As the investigation to the kidnapping intensifies it becomes clear Chan may not be able to trust anyone, which includes his partner Detective Hung (Kent Cheng), when their investigation takes them to Taiwan. And it’s in Taiwan where we are given a beautiful display of martial arts and stunt choreography as Chan fights members of a gang in the rafters of a building. It’s this scene where we not only see Chan shine but it’s a perfect example of how he has become an icon to martial arts cinema.
Not only do I feel this is one of Chan’s finest works, this is one of my favorite action films from the 90’s thanks to the direction of Kirk Wong (The Big Hit). Sure, you can say he took some style points from John Woo, but make no mistake, this film could not have worked if not for the direction of Wong. The money transfer scene alone is enough to make you clamor for more, as he juggles between the kidnappers, the wife hopping bank to bank, to the investigators keeping pursuit. There really are so many great sequences throughout the film it is difficult to even name a favorite, so instead I’ll simply embrace this film and all its glory.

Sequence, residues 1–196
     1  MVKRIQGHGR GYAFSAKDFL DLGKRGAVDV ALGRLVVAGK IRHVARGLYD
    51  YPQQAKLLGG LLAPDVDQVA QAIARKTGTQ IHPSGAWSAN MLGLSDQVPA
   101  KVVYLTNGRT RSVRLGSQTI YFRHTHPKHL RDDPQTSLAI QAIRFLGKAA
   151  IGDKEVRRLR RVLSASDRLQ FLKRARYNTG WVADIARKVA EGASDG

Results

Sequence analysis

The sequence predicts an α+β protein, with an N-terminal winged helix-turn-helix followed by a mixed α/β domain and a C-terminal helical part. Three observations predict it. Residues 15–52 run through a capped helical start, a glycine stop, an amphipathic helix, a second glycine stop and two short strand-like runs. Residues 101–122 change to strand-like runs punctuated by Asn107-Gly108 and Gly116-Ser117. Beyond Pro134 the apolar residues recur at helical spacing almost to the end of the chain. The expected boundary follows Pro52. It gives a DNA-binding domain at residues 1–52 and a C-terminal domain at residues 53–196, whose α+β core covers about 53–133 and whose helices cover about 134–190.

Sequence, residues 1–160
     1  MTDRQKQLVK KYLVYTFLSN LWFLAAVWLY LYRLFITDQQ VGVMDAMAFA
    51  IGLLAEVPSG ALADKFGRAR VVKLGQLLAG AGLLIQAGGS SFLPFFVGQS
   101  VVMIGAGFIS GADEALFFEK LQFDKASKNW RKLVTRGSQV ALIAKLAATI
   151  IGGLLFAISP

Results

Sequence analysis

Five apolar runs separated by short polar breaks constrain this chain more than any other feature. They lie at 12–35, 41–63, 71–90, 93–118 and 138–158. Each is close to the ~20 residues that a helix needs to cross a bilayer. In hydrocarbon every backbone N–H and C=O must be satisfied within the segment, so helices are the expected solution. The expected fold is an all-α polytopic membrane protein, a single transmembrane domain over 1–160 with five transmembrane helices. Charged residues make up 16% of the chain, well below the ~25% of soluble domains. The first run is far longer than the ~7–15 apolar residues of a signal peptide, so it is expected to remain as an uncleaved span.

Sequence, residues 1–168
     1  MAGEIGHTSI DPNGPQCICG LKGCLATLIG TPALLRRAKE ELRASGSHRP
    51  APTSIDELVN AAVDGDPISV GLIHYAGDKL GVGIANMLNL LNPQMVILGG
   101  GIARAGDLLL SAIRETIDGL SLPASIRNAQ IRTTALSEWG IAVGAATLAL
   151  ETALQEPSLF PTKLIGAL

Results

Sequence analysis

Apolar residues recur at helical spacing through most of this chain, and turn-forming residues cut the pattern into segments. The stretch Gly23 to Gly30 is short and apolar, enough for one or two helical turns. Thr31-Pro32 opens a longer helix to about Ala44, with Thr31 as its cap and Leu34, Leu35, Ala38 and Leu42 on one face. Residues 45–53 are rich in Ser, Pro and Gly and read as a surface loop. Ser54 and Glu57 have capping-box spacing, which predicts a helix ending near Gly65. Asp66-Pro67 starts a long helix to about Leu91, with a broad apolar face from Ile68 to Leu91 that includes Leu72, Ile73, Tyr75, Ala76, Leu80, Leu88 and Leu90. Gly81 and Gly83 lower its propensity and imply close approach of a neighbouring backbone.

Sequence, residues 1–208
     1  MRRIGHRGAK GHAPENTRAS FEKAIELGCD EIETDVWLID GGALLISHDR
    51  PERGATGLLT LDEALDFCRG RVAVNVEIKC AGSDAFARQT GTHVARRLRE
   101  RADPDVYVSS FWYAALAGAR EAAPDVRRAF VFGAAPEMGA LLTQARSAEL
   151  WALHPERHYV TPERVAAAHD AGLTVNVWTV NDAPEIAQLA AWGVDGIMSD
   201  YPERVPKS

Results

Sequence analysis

The Protector As much as I did enjoy The Protector, I can’t say that it can held up beside Crime Story with the same excitement. The film does manage to entertain and is a fun entry to the 80’s buddy cop genre. What this film suffers from most, though, is the fact that it is the stereotypical 80’s buddy cop film and oftentimes is funny for all the wrong reasons.
It’s been ten years since Billy Wong (Chan) came to America, and following his shift patrolling the streets of New York, he and his partner have celebratory drinks. Unfortunately the bar is the target of a robbery that goes horribly wrong resulting in Wong’s partner being shot down. Wong takes pursuit in a foot chase along the harbor to a high speed boat chase that concludes with a fiery explosion.